This scholarship is funded by Swansea University and SUSTAIN (EPRSC Future Manufacturing Research Hub).
Start date: October 2021
Expected interview date: w/c 5 July 2021
Subject areas: Energy, Foundation Industry, Engineering, Physical Sciences
The provision of heat accounts for approximately half of the total energy consumed in the UK, with 434 TWh (~57%) of this total consumed within domestic homes via space heating and hot water usage. The primary source for this energy is the combustion of gas, a methodology which is unsustainable in the long term due to depleting resources, rapidly approaching climate change targets and a ban on the installation of gas boilers in UK new build homes. Between 20 and 50% of industrial waste heat is vented to the atmosphere, losing a huge amount of energy that could potentially be reused to provide heat for process or space heating applications.
SUSTAIN and SPECIFIC IKC are currently working with the UK steel industry to capture and reuse this waste heat via Thermochemical storage (TCS) and release technologies, that could be used to impact on the above issues through the provision of domestic heating with limited primary energy production requirements. These storage materials, such as SIM (Salt in Matrix) technologies, have been researched for a number of years as an Inter-seasonal storage option, which operate via the dehydration and rehydration of the chemical salt, utilising the associated endo- and exothermic reactions to provide the storage and release of thermal energy with the output currently focused upon the delivery of hot air.
The focus of the current project will be to investigate and optimise the discharge of novel SIM material sets to allow the production of hot water compatible with a UK domestic scenarios. This will cover both the material characterisation and assessment along with the development of novel systems to generate hot water.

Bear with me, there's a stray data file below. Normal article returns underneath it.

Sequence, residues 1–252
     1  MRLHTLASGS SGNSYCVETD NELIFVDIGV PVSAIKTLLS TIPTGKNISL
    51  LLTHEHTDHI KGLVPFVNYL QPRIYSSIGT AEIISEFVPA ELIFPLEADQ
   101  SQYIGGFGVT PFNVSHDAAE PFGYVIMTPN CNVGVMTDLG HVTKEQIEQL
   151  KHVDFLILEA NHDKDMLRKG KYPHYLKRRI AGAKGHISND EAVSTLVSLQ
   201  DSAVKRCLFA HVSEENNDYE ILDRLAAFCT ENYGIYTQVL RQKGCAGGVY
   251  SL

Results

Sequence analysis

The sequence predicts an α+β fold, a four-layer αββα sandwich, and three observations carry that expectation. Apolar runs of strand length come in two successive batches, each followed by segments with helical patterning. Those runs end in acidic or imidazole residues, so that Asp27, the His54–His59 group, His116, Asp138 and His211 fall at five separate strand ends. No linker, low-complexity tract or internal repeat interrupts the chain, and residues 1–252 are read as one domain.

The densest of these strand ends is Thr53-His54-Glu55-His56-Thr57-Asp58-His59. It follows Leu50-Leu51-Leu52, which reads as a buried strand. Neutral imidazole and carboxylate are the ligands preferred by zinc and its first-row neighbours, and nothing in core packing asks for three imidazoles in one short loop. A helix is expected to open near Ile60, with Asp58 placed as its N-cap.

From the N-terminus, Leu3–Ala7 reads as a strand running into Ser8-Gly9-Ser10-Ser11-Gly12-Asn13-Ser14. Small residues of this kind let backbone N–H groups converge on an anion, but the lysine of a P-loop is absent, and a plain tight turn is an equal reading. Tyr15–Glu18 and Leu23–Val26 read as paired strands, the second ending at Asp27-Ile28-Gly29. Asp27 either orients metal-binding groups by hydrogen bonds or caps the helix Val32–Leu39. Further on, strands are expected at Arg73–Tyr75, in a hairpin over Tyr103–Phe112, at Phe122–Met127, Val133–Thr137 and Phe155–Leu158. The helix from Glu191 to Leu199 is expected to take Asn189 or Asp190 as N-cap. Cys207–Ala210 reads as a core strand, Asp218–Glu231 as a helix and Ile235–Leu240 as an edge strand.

The research engineer will:
- Perform short- and long-term discharge tests of SIM materials varying moisture inputs, flow rates and material constituents
- Investigate pulsed cycles using combinations of hydrated and dry air inputs
- Investigate the generation of domestic hot water from the developed material sets
- Characterise the material changes as a result of the varying input parameters using microscopy, XRD and other suitable techniques
- Support ongoing industrial projects looking to capture and utilise industrial waste heat
The selected candidate will be part of an established and expanding heat storage group based at the SPECIFIC IKC, Swansea University.
Please apply here.
Candidates should hold a minimum of an upper second class (2:1) honours degree (or its equivalent) in Materials Science and Engineering or Chemistry/Chemical Engineering. However, any Science or Engineering discipline with relevant experience will be considered.
We would normally expect the academic and English Language requirements (IELTS 6.5 overall with 5.5+ in each component) to be met by point of application. For details on the University’s English Language entry requirements, please visit –http://www.swansea.ac.uk/admissions/english-language-requirements/